Clearly, there are several reasons to explain our economic under-achievement. Among those at the top of my list are lack of agreement on broad national objectives; political tribalism; the triumph of political considerations in national decision-making; and an absence of policy continuity between administrations.

Over much of the period since Independence, successive governments have routinely abandoned initiatives of the outgoing administration without sufficient regard to the financial cost or the impact on national development.

So far, the political leaders have failed to use Jamaica 50 to focus the country on what we need to do differently. That failure is not necessarily the end of the story. We, as Jamaicans at every level -- individually and collectively — will have to begin to ask new questions and search for new answers.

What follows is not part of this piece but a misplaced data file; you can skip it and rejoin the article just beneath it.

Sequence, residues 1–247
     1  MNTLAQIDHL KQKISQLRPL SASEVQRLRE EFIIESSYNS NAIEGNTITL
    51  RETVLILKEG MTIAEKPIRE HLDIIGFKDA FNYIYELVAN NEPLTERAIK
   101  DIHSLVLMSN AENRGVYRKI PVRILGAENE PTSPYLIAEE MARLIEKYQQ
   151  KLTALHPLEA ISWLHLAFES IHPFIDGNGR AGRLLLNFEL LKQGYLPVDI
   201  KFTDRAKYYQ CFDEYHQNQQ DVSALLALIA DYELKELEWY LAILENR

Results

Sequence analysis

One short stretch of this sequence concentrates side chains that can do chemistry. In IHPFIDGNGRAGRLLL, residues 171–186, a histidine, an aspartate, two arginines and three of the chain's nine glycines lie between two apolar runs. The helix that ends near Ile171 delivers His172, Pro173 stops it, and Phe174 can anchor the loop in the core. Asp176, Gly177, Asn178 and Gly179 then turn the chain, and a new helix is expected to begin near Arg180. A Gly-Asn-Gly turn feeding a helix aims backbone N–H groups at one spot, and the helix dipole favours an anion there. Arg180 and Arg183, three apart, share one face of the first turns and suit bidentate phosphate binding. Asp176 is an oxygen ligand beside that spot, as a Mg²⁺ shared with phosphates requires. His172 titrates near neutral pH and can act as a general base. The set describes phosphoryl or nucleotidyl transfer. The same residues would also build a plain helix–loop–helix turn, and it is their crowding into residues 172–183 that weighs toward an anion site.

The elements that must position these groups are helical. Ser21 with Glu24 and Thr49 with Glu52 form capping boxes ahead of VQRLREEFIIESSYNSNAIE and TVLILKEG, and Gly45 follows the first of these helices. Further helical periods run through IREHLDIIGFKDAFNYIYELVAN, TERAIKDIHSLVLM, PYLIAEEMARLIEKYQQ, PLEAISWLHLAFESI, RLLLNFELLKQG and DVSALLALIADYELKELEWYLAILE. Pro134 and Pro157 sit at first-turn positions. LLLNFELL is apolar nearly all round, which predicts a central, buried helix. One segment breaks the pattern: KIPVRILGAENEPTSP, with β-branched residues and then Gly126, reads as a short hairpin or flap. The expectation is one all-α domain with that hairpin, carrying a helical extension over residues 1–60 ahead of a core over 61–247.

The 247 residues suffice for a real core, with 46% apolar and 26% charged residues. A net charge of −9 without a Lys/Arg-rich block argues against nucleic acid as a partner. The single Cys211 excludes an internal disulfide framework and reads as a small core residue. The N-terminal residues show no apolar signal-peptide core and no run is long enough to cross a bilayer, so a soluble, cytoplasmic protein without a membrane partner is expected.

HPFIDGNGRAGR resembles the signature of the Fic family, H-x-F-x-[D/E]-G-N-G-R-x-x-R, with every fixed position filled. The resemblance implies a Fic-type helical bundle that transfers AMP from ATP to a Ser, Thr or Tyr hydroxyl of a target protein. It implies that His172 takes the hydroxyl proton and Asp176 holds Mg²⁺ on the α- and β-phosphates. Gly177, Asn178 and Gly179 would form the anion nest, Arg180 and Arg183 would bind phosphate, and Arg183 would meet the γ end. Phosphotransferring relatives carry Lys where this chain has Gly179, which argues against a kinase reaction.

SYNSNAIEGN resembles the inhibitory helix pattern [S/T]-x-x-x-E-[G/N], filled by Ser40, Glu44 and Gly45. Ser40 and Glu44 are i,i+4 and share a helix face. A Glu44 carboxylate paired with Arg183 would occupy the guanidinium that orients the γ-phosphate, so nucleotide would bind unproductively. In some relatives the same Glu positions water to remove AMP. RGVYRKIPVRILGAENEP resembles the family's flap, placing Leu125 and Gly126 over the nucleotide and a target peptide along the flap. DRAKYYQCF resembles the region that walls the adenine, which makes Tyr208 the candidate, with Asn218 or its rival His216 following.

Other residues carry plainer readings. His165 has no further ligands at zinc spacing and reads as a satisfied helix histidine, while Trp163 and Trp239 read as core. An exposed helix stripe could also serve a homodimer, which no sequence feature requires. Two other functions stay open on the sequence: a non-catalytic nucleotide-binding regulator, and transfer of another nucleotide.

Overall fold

Indeed, several organisations are doing or plan to do exactly that. For example, I participated in a recent symposium convened by the University of the West Indies in collaboration with the Commonwealth Secretariat on the subject of 'Economic Transformation and Job Creation: New Governance Challenges'.

One of many challenges underscored at the symposium was the need for new thinking at a time when the Third Industrial Revolution is well under way. Increasingly, low-paying, labour-intensive jobs are being replaced by high technology applications. Government, the private sector and unions have to understand and deal with this. Guess we can start in August when the party is over.